Social Media in the Hospitality (Travel) Industry

The travel industry is zooming ahead in social media adoption. According to this article on USA Today, intense competition within hospitality and travel is driving this accelerated adoption of social media tools. This same article provides a list of notable social media integration:

Social media are being incorporated at a rapid rate into every part of a journey, from making the reservation to finding out where to eat. For instance:

•As of August, Delta passengers can buy tickets on Delta’s Facebook page.

•Southwest has three staffers dedicated to monitoring and responding to queries made through social-media channels.

•Marriott is launching its Marriott Courtyard Facebook page Tuesday to issue messages about the chain and related information that might interest customers.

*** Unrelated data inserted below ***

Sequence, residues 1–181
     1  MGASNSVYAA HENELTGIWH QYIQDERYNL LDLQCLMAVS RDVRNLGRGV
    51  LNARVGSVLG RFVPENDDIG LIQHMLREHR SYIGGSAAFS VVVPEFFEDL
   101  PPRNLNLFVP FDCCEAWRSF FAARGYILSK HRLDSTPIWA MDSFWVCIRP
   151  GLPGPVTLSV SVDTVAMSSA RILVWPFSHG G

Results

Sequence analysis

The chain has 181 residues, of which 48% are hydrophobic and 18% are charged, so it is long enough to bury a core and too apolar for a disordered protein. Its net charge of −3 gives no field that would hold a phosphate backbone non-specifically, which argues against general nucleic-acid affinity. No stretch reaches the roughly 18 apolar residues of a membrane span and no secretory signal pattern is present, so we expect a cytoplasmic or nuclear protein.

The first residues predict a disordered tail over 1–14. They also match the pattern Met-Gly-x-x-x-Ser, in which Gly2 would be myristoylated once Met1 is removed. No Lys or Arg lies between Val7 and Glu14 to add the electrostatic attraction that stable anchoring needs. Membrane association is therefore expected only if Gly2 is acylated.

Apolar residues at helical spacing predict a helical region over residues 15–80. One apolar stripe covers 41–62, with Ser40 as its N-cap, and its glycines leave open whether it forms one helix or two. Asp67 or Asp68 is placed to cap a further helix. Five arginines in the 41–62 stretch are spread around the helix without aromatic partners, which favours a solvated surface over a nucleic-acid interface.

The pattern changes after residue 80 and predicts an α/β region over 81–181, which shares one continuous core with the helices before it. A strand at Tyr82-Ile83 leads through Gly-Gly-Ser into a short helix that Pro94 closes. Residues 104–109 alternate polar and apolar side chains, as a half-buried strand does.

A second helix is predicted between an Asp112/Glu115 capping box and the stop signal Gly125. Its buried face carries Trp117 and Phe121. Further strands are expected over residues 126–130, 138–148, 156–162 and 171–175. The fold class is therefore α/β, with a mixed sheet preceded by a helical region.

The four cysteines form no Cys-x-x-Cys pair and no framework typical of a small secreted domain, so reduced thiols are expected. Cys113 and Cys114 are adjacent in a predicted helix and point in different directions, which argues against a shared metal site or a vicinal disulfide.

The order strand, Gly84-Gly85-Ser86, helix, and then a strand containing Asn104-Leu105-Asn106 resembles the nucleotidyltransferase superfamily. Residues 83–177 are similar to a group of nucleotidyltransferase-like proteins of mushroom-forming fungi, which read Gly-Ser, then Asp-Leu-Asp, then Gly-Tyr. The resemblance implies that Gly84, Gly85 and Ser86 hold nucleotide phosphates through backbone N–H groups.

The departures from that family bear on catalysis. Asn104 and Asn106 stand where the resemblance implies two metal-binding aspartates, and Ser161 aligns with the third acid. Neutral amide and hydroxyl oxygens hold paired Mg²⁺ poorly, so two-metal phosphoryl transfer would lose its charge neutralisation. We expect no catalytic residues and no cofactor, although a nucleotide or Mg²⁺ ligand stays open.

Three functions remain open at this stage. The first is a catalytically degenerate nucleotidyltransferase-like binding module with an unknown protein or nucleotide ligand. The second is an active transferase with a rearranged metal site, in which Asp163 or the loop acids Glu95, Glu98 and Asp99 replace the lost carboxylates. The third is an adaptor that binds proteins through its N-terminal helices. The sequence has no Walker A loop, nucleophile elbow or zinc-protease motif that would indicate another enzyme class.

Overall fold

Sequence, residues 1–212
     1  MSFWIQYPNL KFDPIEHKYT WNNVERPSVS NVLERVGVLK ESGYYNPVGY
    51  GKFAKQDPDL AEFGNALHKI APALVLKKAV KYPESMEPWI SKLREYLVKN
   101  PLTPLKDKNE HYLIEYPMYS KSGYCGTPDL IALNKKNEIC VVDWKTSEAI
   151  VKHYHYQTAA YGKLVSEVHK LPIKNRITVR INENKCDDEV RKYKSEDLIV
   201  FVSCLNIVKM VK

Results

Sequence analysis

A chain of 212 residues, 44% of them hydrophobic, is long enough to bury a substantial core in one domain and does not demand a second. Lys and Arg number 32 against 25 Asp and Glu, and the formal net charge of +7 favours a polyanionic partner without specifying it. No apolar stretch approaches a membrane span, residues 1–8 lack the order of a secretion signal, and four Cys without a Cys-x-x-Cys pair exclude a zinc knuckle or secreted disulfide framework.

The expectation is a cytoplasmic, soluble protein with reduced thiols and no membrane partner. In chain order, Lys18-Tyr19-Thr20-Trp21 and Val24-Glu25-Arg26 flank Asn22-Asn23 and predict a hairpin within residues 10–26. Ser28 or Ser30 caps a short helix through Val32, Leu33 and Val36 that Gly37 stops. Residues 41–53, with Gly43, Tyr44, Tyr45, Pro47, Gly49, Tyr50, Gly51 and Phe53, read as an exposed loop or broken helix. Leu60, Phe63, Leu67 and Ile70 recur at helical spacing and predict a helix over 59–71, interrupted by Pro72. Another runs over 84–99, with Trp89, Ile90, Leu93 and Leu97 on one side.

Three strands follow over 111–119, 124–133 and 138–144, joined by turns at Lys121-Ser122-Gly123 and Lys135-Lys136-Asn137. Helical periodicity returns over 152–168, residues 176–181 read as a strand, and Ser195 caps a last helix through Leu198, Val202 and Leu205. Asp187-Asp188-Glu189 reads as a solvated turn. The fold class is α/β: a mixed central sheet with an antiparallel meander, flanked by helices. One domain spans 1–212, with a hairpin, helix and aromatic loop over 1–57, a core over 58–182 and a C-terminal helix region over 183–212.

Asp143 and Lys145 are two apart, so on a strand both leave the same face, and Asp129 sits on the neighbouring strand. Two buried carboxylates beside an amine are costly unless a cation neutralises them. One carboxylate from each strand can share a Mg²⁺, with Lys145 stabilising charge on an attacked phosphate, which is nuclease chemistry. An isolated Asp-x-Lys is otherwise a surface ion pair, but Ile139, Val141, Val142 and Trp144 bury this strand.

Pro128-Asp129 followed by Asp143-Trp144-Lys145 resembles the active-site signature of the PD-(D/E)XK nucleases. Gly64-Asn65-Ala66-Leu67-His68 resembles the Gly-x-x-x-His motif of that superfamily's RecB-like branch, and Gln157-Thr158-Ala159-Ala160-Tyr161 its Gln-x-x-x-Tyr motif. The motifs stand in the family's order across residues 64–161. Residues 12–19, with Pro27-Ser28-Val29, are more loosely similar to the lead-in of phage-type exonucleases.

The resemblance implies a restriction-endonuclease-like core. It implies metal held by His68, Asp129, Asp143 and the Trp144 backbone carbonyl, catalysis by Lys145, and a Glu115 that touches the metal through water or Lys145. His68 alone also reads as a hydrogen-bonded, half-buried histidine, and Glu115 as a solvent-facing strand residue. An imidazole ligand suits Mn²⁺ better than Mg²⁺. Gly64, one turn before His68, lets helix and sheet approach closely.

•Hyatt Hotels launched a Twitter account last year to serve as a virtual concierge. Staffers, based in Omaha, Australia and Mumbai, are instructed to respond to requests and questions within an hour, and are fielding queries ranging from where to find good sushi to alerts that a guest will be checking in late. The account has 12,000 followers. Hilton has a similar Twitter account.

Compared with other industries, the travel and hospitality sector is ahead of the curve in engaging social media, says Carl Howe, a director with the Yankee Group, a telecommunication market research firm.

It’s “mainly because there is so much concern about consumer perception,” he says. “There are a lot more choices for hotels than there are for cable providers, and the same is true for airlines.”

One thing the article doesn’t point out are the social media disasters that have hurt the travel and hospitality industry over the past few years. From “United Breaks Guitars” YouTube video to the story of  Kevin Smith – who was deemed too fat to fly by Southwest – so he took his case up on Twitter. It’s good that the industry has taken note and is taking a proactive approach.

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